Water supply network in village of Kurin has been empty for years
Enab Baladi – Idilb countryside
In Kurin, a village in the town of Ariha and administratively part of the Idlib province, people cannot remember when the flow of water was cut off from the water supply network to their homes.
“It is about ten years since we did not see water,” said the forty-year-old man, Abdul Jabbar Ajina with a yellow smile on his face.
In an interview with a program broadcast on Enab Baladi’s social media platforms called “What’s Your Problem?,” Ajina said that the residents of Kurin have to get water via water tank trucks, which constitutes an additional financial burden, referring to the high costs of catering water.
30 barrels, the capacity of the tank that the villagers have to register their names and wait to receive their allocation every month and a half after paying 50 Turkish Liras (TL- around 5.8 USD), to get “insufficient” amounts of water.
Water rationing becomes a way of life
Water rationing has become a way of life in Kurin. The residents have followed different ways to save water; they clean the dishes with pieces of cloth and reuse bathwater, or ablution water for cleaning the floor and irrigating the crops, according to a survey conducted by Enab Baladi.
Damaged infrastructure due to military operations is widespread throughout Syria, as the war in Syria has entered its tenth year. However, the residents of Kurin do not think that there is a water crisis in the area, pointing to water well in the village. Plus, they do not know about the problem of the broken water pipelines network.
The relief organizations do not give the village enough attention, at some point, they are marginalizing it, according to Abu al-Nasr.
He added that his hope to see the water pumped again in the pipes of the water supply network lasted for nearly two years, yet, with no results.
Water supply network awaits “collection of water bills to re-operate
Engineer Jamal Diban, the general manager of Kurin’s water supply network told Enab Baladi the problem encountered in providing the network with water does not stop when “minor” disruptions are fixed. Actually, the problem can end when water bills are paid.
He said “We failed to collect water bills. People always complain that water does not reach their homes […]. So, the network is not activated.”
“The blame” goes to the high cost of extracting and delivering water according to Diban, who pointed out that the well in Kurin is deep, and the cost of extracting one cubic meter reaches four and a half TL (0.5 USD). With the costs of water transportation, the total cost, in the end, is five TL (0.6) per cubic meter. Nonetheless, the company “supports” the residents by demanding them to pay only three TL (0.3) per cubic meter.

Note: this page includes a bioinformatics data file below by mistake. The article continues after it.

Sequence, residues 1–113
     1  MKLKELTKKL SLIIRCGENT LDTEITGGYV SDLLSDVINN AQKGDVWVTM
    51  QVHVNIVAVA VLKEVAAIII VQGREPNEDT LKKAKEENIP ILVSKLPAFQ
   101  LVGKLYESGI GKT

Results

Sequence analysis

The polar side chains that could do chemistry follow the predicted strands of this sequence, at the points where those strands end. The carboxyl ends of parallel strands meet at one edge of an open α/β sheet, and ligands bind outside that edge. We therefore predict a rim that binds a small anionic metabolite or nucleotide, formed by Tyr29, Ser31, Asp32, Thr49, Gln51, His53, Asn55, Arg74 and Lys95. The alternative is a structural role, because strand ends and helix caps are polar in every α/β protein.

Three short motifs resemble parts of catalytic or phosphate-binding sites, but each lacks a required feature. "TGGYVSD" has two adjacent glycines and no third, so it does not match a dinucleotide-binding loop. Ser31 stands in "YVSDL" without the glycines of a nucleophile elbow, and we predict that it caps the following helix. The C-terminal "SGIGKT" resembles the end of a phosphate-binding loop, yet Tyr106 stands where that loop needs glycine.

The residents of Kurin get an access to water from two sources: People can get water from the public sector after registering their names and waiting for their turn to get one tank of healthy water on which all safety measures are applied,” according to Diban. They also can get water from the private sector, where peole cannot be sure if water is clean or safe enough to drink. Furthermore, most people of the village cannot afford it.
Diban indicated that he is waiting for the olive harvest to end, so that the local council can collect the cost of buying a solar energy pumping device form the people, “which will reduce the cost of extracting water.” Besides, he said that the water company presented to the humanitarian organizations a full study of the situation in the village, waiting for a response for its demands.
The United Nations Office for the Coordination of Humanitarian Affairs (OCHA) reported that more than 370,000 people in northwestern Syria are in need for an access to water and sanitation services, at an estimated cost of nine million US dollars.
According to the ”REACH” initiative evaluation, the costs of transporting water in northwestern Syria increased by 2 percent between August and September and by 80 perecent compared to last March. That percentage in Ariha was 41 percent between August and September and the same applies to March.
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